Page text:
The department of psychiatry's Women's Mental Health program is seeking pregnant volunteers to study how antidepressants affect a developing fetus.
There is strong evidence suggesting that the use of antidepressants in late pregnancy may be associated with certain syndromes in babies, according to a press release.
Ten to 20 percent of women who are pregnant experience depression. The study aims to help these women choose the safest and most effective options to treat their depression, according to a press release.
The study is seeking 40 pregnant women who are experiencing or have experienced depression during their pregnancy. Volunteers either may be currently taking antidepressants or receiving non-medication treatment.
The study will compare babies whose mothers took antidepressants with those whose mothers used non-medication treatments during pregnancy in order to determine which, if any clinical syndromes are related to fetal exposure to antidepressants in late pregnancy, according to a press release.
Researchers will make home visits to assess mothers and babies.
The principal investigator of the study, which is sponsored by the Institute for Mental Health Research, is Dr. Marlene Freeman, director of the Women's Mental Health Program, according to the press release.
The UA Women's Mental Health Program focuses primarily on issues of postpartum depression, depression and anxiety during pregnancy, preconception and pregnancy planning for women, psychiatric medications, perimenopausal depression, hormone replacement therapy, premenstrual dysphoric disorder and bipolar disorder in women, according the press release.
Women who would like more information, or wish to enroll in the study, can call Marcy Watchman at (520) 626-3273.
- Ariel Serafin
Folk life festival kicks off today with help from students
UA students will be immersing themselves in the Tucson's rich multicultural heritage this weekend in part of the Tucson Meet Yourself annual folk life festival at El Presidio park downtown.
Attendants will be able to sample foods and music from around the globe, as well as try their hands at preparing traditional foods, observe a Japanese tea ceremony and other activities.
"A folk life festival is a lot more than a simple celebration of multiculturalism," said Maribel Alvarez, folklorist and professor who has been helping organize the festival since her arrival at the UA two years ago. "It is instead an effort to place the cultural artifacts of the Arizona-Sonora region in the context of everyday life through living cultural practitioners."
Participation in the event is mandatory for students in Alvarez's English 248 Intro to Folklore class.
Alvarez is continuing the tradition of involving students in the festival, which was founded 32 years ago by folklorist and former UA professor Jim Griffith.
The festival is the perfect opportunity for students to get a first-hand experience with a diverse array of cultures, Alvarez said.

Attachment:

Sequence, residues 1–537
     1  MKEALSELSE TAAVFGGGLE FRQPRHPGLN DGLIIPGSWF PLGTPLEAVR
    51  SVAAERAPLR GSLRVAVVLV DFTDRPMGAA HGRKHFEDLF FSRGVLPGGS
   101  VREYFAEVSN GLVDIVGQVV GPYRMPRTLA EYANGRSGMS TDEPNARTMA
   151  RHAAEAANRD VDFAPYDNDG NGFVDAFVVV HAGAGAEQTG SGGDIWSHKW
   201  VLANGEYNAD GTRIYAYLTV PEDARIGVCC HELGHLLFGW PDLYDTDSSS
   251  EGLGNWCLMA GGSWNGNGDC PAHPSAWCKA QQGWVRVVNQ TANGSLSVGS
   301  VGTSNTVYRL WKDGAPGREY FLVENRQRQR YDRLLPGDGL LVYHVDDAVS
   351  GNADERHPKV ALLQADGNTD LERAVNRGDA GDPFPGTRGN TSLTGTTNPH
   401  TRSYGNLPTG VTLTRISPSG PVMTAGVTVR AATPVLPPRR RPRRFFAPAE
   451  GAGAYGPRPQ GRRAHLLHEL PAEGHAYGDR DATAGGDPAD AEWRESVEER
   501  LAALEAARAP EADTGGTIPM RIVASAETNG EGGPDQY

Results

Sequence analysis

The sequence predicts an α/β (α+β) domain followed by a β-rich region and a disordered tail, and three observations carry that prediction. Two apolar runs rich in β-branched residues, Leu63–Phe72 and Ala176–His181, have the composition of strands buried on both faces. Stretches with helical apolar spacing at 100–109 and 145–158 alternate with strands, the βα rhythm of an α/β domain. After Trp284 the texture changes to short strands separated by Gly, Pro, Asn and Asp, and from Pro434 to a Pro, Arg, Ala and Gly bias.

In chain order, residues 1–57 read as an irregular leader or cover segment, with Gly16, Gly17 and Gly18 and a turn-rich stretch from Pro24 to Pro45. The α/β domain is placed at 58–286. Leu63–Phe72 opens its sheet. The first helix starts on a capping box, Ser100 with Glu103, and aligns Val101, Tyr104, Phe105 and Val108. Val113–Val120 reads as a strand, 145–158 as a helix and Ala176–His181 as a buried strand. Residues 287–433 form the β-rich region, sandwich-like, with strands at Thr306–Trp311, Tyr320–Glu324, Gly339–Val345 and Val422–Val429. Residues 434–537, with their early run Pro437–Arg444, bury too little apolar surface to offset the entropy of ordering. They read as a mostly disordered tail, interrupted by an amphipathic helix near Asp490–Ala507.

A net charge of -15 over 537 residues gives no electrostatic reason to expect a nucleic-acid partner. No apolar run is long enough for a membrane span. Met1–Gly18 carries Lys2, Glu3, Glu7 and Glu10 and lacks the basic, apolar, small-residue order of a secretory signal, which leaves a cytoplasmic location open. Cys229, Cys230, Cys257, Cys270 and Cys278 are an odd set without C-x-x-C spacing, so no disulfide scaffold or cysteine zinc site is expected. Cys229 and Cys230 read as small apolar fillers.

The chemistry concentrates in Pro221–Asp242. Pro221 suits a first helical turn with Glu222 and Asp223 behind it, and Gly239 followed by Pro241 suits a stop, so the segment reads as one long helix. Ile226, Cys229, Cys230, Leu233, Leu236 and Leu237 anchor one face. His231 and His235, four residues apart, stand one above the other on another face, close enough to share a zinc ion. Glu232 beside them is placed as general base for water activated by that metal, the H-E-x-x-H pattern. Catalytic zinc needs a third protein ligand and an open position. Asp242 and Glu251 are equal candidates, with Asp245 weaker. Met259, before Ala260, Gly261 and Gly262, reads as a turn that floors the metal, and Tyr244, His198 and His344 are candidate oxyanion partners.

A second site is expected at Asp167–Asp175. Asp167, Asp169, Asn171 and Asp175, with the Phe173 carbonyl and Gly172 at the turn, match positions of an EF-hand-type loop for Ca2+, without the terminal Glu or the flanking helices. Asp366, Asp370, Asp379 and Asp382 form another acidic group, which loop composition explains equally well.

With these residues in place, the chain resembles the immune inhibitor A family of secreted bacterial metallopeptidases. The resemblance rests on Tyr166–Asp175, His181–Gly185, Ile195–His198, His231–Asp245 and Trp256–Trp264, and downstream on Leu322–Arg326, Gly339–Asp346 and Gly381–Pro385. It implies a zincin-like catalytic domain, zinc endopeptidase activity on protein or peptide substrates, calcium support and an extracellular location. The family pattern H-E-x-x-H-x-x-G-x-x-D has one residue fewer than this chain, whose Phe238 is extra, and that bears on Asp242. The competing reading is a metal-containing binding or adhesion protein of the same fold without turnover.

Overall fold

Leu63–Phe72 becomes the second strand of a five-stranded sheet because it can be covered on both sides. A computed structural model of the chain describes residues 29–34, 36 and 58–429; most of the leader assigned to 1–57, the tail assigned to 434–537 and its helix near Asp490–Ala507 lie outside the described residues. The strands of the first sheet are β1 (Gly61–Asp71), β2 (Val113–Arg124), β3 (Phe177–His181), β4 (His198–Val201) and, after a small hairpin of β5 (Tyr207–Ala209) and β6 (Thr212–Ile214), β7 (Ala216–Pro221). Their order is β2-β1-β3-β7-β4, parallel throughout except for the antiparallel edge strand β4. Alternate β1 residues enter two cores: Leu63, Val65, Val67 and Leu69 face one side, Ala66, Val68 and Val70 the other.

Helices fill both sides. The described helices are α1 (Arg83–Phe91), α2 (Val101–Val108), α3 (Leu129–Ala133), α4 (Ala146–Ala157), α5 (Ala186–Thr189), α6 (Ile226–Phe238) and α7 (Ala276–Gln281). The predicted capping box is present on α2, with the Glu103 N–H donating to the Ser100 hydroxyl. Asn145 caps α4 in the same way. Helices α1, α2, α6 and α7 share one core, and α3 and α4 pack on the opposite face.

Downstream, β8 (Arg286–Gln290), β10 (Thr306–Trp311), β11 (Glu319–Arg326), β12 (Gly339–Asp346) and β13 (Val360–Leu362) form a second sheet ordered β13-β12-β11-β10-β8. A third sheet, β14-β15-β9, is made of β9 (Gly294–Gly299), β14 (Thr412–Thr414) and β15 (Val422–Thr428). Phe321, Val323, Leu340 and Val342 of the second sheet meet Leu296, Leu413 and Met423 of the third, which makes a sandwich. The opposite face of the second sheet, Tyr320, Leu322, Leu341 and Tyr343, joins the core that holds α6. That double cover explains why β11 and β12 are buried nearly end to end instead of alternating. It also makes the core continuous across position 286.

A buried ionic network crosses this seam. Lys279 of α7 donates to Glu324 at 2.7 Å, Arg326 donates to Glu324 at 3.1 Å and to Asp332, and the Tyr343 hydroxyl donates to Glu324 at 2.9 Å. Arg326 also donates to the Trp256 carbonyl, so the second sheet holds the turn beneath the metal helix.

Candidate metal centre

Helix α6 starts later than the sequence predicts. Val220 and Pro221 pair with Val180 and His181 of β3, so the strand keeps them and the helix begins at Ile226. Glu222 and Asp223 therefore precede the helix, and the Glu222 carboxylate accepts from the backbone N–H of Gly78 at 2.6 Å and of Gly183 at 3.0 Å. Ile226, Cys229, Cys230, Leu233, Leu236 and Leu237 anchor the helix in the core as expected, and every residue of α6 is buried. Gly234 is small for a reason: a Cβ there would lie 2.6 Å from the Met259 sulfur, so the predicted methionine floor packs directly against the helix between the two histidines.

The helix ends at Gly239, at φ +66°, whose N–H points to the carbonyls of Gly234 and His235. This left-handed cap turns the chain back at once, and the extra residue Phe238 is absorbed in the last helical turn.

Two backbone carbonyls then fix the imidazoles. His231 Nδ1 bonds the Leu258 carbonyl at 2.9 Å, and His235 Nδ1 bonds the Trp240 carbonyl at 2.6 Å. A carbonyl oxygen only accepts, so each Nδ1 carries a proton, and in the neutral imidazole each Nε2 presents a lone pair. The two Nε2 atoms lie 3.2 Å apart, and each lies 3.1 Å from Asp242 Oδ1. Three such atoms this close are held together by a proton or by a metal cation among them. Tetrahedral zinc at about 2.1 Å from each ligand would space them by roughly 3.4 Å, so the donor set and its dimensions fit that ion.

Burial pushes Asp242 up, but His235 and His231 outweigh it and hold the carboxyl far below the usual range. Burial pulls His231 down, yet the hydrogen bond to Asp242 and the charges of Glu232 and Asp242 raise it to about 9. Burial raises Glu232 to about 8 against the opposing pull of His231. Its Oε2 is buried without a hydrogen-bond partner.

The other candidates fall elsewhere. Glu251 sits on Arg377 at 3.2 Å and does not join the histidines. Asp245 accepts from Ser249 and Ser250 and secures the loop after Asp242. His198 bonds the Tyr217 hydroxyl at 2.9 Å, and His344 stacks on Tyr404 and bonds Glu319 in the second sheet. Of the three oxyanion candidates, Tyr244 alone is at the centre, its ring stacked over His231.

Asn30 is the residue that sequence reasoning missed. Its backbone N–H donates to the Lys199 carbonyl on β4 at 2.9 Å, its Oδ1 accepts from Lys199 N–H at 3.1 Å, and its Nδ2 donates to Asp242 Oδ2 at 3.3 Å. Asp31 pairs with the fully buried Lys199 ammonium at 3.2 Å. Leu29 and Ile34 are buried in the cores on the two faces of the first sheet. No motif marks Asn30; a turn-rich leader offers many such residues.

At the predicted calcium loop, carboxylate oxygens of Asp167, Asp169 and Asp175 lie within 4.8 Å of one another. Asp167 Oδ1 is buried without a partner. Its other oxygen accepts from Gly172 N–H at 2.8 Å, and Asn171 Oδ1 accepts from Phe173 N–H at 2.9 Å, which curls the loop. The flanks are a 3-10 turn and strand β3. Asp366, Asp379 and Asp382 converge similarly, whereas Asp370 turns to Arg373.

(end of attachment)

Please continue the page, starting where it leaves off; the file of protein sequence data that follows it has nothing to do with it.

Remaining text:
"You can teach in class or read books, but there's nothing like interacting with the people who practice the cultural traditions you're learning about," Alvarez said. "It is the perfect lab for this class."
Participating in the festival also gives students who are not from Tucson an opportunity to experience the many cultures that call Tucson home, said Megan Gillum, a sociology freshman from Spokane, Wash., who is taking Alvarez's class.
"Tucson is a very diverse city," Gillum said. "A girl I asked from another class is from Serbia, and she will be there cooking traditional Serbian food."
For the past five weeks, Gillum said she and her classmates have been spreading the word about the festival, putting up posters, and recruiting people from cultural groups and restaurants to fill the festival with a variety of foods.
Students will also be at the festival tomorrow and Sunday helping organizers run the event.
"We'll be helping supervise; assisting people at their booths, bringing water to the people working the booths," Gillum said. "We'll also be setting up and tearing down both days."
The festival has free admission, though food prices vary. The festivities begin today from noon to 1 p.m. and 6 p.m. to 10 p.m., tomorrow from 11 a.m. to 10 p.m. and Sunday from noon to 5 p.m.
- Seth Mauzy
Fundraiser and fall sale to be held at Arboretum
The Boyce Thompson Arboretum opens its doors tomorrow for the annual fall plant sale and fundraiser, that will feature various classes, tours and presentations to educate the public about the greens surrounding them.
"For decades our annual plant sales, each spring and fall, has been an important fundraiser for the arboretum," said Paul Wolterbeek, coordinator for the arboretum's volunteer program.
Located about two hours from Tucson, up the "scenic " Highway 79, the arboretum offers many possibilities to spend the day, Wolterbeek said.
Visitors are not bound to the program, they can also go for hikes or barbecue, he said.
"Even if you have a 'brown thumb' or don't have much zeal for plants, the arboretum is a great fall day trip and the park offers more than two miles of paths to explore," Wolterbeek said.
Last year the fall sale attracted almost 4,000 visitors, who spent more than $27,000 on plants, Wolterbeek said.
All money raised from the plant sale helps support the arboretum, which is a nonprofit organization, and the largest and oldest arboretum in Arizona, he said.
The arboretum is almost 80 years old and is both part of the College of Agriculture and Life Sciences and part of the Arizona state park system, Wolterbeek said.
Admission is free for CatCard holders and anyone who rides in the same car with them. General admission is $12.50, Wolterbeek said.
The sale will be held until Oct. 23, and the arboretum is open daily from 8 a.m. to 4 p.m., he said.
For more detailed information about the program and location call the hotline at (520) 689-2811, or go to http://ag.arizona.edu/bta.
- Djamila Grossman